Among recent migrants born in other than the main English speaking countries, rates of unemployment and labour force participation are related to fluency in English. Those who spoke English fluently experienced a lower rate of unemployment in 1993 (15%) than those who did not speak English well (31%), or at all (55%). The labour force participation rate in 1993 was higher for recent migrants who spoke English fluently (74%) than for those who did not speak English well (51%), or at all (19%).

The longer migrants had been resident in Australia, generally the less likely they were to have been unemployed in 1993. Of recent migrants born in the main English speaking countries, 6% of those who arrived in the 1970s were unemployed, compared to 9% of those who arrived in the early 1990s. Of migrants born in other countries, 13% of those who arrived in the 1970s were unemployed, compared to 46% of those who arrived in the early 1990s.

In 1993, when unemployed people aged 18-64 were asked about their main difficulty in finding work, 18% of Australian born people, 14% of people born in the main English speaking countries, and 13% of people born in other countries stated that their main difficulty was a lack of necessary schooling, training, skills or experience. An additional 27% of people born in other than the main English speaking countries stated that their main difficulty in finding work related to problems with language or ethnic background9.

EDUCATIONAL ATTAINMENT OF RECENT MIGRANTS ON ARRIVAL AND LABOUR FORCE STATUS, 1993

Labour force participation rate
Unemployment rate


Born in MESC
Born in other countries
Total
Born in MESC
Born in other countries
Total
Educational attainment on arrival
%
%
%
%
%
%

With post-school qualifications
86.5
77.6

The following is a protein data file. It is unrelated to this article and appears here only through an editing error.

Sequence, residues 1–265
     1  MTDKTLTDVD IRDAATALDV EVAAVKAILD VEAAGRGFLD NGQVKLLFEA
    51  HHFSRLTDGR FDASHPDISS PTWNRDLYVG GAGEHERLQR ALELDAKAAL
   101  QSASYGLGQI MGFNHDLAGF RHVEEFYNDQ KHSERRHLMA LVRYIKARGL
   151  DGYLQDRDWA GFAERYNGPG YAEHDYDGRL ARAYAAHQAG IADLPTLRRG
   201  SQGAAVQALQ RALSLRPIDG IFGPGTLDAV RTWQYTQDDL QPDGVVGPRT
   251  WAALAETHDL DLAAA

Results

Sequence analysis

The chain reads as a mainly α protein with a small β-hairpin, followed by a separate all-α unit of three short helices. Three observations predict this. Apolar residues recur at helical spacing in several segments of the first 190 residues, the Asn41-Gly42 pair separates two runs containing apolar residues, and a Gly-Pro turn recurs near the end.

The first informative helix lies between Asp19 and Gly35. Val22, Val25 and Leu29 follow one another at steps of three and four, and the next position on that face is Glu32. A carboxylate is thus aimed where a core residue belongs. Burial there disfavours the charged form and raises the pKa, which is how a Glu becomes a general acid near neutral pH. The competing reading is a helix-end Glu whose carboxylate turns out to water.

81.5
6.2
16.0
11.4
Without post-school qualifications
64.1
55.9
58.6
8.8
20.7
16.5
Total
76.7
65.6
69.8
7.1
18.3
13.6

Source: Labour Force Status and Other Characteristics of Migrants, Australia 1993 (unpublished data)

UNEMPLOYMENT RATE AMONG RECENT MIGRANTS, 1993


Source: Labour Force Status and Other Characteristics of Migrants, Australia (unpublished data)


Endnotes
1 Advisory Council on Multicultural Affairs (1988) Towards a national agenda for a multicultural Australia: a discussion paper.

2 Department of Immigration and Ethnic Affairs Annual Report 1994-95.

3 Birrell, R. and Birrell, T. (1987) An Issue of People: Population and Australian Society Longman Cheshire, Melbourne.

4 Transition from Education to Work, May 1993 (unpublished data).

5 Estimated Resident Population, June 1995 (unpublished data).

6 Department of Employment, Education and Training (1994) Issues and Options Paper on the Overseas Skills Recognition Process and Related Labour Market Issues Unpublished Government Paper.

7 Department of Industrial Relations Annual Report 1994-95.

8 Department of Employment, Education and Training Annual Report 1994-95.

9 Training and Education Experience, Australia 1993 (unpublished data).